Dr. Peter Boylan, who resigned from the board of Holles Street, stated that the ownership of the land on which the hospital is to be built is the key issue from which all matters relating to clinical independence from inappropriate religious ethos, protection of the State's investment and appropriate governance flow. He believes that the project has stalled because the sisters are refusing to sell the land to the State, even though they said they would gift to the State or the Irish people, as they put it, and that, in the absence of ownership of the land, no amount of legal negotiation over years on leases, licences, etc., has been able to provide the State with security on these issues. That is the reality. The project is going nowhere unless this issue is resolved.
Dr. Boylan went on the say that the board of the HSE has expressed grave concerns about the project and the Comptroller and Auditor General is conducting an audit of it. He stated that a new development paves the way forward for the National Maternity Hospital in a way that will resolve all concerns.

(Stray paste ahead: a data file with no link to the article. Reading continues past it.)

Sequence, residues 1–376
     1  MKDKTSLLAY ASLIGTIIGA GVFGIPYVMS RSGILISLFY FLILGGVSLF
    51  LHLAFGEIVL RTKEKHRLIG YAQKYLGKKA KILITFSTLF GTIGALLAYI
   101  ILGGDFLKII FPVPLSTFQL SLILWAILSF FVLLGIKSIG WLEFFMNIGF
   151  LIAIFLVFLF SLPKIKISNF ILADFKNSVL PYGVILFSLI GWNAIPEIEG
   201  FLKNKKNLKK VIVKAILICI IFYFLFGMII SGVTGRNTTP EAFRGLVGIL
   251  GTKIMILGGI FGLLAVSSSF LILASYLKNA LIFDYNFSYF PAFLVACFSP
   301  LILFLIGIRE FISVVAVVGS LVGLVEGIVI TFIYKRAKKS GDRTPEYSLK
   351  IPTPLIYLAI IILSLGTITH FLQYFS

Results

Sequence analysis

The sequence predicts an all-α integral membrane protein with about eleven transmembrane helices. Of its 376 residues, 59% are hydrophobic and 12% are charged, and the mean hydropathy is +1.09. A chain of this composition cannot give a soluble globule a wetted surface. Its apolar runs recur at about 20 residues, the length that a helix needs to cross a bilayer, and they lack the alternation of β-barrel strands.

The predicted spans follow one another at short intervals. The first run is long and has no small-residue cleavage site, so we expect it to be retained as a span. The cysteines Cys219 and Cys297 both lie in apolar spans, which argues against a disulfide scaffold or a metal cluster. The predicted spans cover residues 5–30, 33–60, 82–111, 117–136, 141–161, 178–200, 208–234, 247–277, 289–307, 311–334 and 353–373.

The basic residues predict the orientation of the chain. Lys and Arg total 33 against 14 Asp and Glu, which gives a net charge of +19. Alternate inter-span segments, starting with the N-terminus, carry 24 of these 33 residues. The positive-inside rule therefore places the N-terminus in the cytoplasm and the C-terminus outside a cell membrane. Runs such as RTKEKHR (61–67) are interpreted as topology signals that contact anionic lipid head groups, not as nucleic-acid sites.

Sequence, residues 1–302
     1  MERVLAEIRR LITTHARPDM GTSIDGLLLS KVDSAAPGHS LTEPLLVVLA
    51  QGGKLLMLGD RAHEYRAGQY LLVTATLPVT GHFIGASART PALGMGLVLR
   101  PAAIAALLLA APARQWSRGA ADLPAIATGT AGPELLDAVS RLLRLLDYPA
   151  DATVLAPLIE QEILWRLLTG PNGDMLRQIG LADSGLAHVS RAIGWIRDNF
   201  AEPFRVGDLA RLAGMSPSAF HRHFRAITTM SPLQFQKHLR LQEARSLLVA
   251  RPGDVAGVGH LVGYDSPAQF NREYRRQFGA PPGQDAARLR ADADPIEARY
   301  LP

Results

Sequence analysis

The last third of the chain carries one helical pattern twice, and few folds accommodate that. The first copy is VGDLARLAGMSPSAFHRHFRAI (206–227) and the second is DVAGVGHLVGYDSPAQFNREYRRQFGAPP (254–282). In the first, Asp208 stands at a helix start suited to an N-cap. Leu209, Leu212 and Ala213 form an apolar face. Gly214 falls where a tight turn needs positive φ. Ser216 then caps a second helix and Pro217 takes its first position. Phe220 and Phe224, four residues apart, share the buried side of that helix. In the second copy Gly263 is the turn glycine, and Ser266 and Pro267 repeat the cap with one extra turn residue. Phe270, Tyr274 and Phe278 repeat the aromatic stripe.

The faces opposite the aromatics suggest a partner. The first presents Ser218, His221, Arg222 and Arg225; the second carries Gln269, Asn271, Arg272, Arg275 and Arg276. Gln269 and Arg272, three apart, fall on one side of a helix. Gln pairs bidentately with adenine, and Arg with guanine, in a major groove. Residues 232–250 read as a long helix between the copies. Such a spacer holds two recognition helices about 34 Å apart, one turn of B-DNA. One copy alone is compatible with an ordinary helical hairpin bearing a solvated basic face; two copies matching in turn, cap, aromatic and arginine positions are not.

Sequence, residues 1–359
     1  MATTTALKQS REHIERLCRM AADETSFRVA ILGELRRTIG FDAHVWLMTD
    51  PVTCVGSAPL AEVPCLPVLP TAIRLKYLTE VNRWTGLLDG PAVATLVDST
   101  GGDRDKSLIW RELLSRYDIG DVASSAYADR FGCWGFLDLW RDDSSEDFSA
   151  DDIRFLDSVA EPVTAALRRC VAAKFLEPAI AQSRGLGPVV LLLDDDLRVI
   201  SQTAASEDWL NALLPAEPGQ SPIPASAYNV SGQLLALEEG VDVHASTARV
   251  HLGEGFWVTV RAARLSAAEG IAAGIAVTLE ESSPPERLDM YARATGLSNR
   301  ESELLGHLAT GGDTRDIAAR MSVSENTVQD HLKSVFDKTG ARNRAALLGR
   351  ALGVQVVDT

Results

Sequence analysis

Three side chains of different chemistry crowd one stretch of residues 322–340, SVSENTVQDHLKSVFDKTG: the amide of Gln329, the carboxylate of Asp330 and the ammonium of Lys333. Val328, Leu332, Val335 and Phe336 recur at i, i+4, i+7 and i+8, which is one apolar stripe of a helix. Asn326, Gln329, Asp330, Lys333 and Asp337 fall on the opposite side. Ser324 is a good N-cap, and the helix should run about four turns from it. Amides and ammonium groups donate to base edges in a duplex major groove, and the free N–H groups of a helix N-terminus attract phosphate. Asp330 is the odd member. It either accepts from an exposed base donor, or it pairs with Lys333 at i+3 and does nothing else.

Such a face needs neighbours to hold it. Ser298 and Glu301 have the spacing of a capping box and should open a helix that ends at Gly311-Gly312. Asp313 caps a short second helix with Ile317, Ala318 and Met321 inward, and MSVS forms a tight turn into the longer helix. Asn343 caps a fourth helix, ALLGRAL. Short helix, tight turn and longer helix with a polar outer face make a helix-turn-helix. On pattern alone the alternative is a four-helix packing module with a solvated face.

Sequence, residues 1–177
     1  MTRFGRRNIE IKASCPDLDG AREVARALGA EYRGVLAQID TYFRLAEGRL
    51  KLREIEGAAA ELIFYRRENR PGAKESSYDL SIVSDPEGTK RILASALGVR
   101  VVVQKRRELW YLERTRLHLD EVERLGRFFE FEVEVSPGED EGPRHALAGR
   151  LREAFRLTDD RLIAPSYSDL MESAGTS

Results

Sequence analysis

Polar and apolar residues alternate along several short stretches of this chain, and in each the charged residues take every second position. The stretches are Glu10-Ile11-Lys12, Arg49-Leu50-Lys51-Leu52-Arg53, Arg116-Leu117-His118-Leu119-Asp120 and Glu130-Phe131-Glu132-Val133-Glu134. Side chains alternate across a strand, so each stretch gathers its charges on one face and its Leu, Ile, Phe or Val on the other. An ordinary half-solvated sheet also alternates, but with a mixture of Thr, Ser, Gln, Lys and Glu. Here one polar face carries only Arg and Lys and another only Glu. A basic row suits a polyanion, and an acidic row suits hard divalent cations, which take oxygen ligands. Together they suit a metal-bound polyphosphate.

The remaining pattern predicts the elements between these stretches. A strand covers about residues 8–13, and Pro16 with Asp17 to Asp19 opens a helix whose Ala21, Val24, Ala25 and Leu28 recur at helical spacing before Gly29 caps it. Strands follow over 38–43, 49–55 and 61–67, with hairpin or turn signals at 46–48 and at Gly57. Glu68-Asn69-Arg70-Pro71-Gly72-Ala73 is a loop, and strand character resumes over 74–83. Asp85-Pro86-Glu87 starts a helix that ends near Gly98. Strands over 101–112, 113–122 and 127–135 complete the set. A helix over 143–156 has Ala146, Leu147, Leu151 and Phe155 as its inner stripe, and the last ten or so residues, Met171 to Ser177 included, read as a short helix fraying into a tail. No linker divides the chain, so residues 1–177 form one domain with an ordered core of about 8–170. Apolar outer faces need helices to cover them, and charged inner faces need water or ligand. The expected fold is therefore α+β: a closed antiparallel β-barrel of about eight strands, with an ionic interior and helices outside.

Groundbreaking legal opinion commissioned by Uplift and published by Mr. Stephen Dodd, SC, has concluded that the State could present a compelling case to meet the test to justify a compulsory purchase order on the Elm Park site. His legal opinion is that as the hospital being built is a national maternity facility which is being wholly funded by the State, the State has an interest in ownership that substantially outweighs that of the Religious Sisters of Charity and St. Vincent's Healthcare Group. This opinion cuts through the current impasse.
He has scrutinised the current proposals and has described them as Byzantine and Kafkaesque. His legal opinion is:
The fact that a set of labyrinthine arrangements have to be devised, where the construction and implications of the same are contentious and doubtful is highly unsatisfactory. Considering the importance of the NMH and vast monies being expended by the State, there would seem to be a significant public interest in certainty in relation to these matters.
Arguably the matter is of such importance to the State, that there is a legitimate state interest in achieving certainty which could only be secured by the State having full control through ownership of the relevant land and assets.